Wednesday, April 26, 2006

Charade Project: Friday 28th April 2 - 5pm

Is this the end of the age of the book?

On Friday 28 April, between 2pm and 5pm, a group of people will congregate in Birmingham's Victoria Square to recite their chosen song, play or novel while wandering together, as a conscious re-creation of the final scenes of Truffaut's adaptation of Bradbury’s novel, 'Fahrenheit 451'.

Charade is a work by artist Simon Pope which mirrors the futuristic 1950s novel ‘Fahrenheit 451’ where Ray Bradbury writes of an age when books are illegal and screen based media dominates society. The role of the fire service is no longer to extinguish but to start fires and to burn the books it finds.

Since January 2006 Charade has recruited participants from the West Midlands to save their most cherished piece of media history. Through a series of open workshops and online communities the volunteers have been assisted through a process of memorising and internalising their chosen item, working towards a final event in Birmingham’s city centre.

It's not too late for you to join in. Register online at Charade or tell us on the day.

Charade has been jointly commissioned by BBC and ACE as part of ‘Private View’ a programme to demonstrate “outstanding innovation and vision from visual artists experimenting with live technologies in the public realm”.

You can visit Charade to follow new developments online.

I will be taking part this Friday afternoon in Birmingham's Victoria Square, having memorised some scenes from King Lear - rather imperfectly, I'm afraid, but perhaps that's part of the project, how each person must reinterpret memorised works of literature or art because of their different ways of remembering them.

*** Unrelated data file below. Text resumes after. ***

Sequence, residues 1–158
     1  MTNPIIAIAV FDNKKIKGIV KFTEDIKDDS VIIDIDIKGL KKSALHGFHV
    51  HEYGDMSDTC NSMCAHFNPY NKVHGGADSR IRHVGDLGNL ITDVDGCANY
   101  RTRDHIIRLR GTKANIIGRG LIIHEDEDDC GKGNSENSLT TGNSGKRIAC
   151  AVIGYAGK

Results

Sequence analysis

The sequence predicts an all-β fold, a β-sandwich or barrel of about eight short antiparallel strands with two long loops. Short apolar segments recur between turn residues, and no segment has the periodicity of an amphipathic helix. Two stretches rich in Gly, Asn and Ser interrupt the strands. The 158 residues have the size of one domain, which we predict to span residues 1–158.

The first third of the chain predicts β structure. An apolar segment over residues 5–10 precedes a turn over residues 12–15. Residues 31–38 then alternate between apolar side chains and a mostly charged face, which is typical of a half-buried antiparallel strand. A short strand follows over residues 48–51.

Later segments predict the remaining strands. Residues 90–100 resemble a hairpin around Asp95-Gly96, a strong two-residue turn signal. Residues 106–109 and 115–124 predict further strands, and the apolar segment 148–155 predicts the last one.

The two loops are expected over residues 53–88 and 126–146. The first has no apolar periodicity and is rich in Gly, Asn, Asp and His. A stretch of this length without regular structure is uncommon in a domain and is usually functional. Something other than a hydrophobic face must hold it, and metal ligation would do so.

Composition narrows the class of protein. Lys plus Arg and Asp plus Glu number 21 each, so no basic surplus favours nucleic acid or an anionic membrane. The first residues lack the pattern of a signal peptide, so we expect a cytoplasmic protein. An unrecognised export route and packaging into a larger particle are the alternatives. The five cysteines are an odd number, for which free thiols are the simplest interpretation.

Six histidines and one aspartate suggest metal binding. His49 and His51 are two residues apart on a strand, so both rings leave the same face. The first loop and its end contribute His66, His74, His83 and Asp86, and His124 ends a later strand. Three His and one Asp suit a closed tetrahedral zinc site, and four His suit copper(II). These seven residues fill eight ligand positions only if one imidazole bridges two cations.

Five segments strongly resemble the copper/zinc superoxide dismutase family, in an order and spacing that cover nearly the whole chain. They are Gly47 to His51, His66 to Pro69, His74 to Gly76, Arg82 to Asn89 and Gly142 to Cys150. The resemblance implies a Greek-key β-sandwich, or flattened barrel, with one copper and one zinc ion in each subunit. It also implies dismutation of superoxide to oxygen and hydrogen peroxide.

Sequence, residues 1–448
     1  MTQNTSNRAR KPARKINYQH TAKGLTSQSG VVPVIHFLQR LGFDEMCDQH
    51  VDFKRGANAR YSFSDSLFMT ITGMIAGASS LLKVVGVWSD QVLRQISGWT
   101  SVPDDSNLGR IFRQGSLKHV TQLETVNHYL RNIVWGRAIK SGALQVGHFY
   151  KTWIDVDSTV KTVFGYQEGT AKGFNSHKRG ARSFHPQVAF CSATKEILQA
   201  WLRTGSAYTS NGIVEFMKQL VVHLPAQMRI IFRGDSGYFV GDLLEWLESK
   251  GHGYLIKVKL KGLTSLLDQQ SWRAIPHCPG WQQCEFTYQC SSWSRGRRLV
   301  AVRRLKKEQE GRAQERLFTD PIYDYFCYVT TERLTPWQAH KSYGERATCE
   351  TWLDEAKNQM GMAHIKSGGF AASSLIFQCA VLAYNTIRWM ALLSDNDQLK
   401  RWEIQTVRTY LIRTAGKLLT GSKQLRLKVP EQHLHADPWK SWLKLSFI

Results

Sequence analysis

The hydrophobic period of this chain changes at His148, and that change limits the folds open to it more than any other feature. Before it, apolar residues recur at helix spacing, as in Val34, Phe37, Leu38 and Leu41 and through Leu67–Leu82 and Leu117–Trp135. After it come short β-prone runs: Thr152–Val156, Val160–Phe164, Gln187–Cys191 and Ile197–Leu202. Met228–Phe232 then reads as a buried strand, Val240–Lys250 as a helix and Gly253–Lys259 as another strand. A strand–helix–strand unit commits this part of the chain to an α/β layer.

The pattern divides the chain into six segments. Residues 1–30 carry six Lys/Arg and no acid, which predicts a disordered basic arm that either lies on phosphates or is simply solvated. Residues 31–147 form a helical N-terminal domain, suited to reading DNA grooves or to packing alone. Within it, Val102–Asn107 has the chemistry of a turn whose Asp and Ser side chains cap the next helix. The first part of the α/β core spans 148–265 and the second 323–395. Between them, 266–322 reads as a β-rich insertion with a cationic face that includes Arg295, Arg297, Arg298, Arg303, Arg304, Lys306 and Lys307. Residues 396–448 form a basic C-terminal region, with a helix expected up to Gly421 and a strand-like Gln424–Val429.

Saturday, April 22, 2006

A Duck in the Catmint

In spite of an absence of water, this little duck has built her nest right under our noses, a few yards from the back door in our garden, in a dried old clump of last year's catmint. Her mate, we fear, was the drake last seen dead at the side of the road a week or so ago. So she's all alone in the world but ignoring our tentative efforts at help - apart from nibbling on some bread - with a quiet warning hiss whenever we get too close.

When I first put down a frying pan of water, in the hope that she might drink a little, she was scared enough to leap up from the nest and reveal eight or nine large blueish-white eggs keeping warm there. Beautiful. But our biggest fear is that a fox or wild cat may find her unprotected one night and devour the eggs, or the poor little ducklings when they eventually hatch out.

She might have done better nesting by the village pond about a mile down the road, next to water and clustered with good hiding places for young ducklings, but for some reason she chose our isolated house in the middle of rolling sheep fields to hatch this year's brood. Perhaps there are too many cats in the village now, or maybe this is a territory issue and some other more combative duck has taken the best nesting spot by the pond ...

Lovely, isn't she?

Friday, April 07, 2006

Woods etc., Rejection, and Elementals

I feel dreadful because I've been so busy posting on my POETS ON FIRE blog that I haven't been posting here on RAW LIGHT. This is not very good and accordingly I shall make amends by writing the following:

a.) Having finally got hold of a copy of Alice Oswald's Woods etc., I've been reading it with, at first, incredulity and, after a while, great interest. Although it seems at first glance like a collection containing all the usual suspects - stone, river, moon, stars, woods etc. - this book actually indicates a huge progression by Oswald as she swings even further along the line Hughes was beginning to take in his later 'nature' books, for want of a better description, such as Cave Birds and River, both of them marvellous books which slipped restlessly and ambitiously away from the mainstream wherever possible. It's a line I suppose could be described in places as working within the modernist or avant-garde traditions, but which in strong and rather eccentric hands like those of Hughes and Oswald becomes something uncategorisable. I wasn't sure of it, as I said before, at first, but then I think you get used to the voice and begin to trust it, allowing Oswald to lead you into darker and less obvious waters where you - or at least I - can see new possibilities for language and old possibilities given a new twist.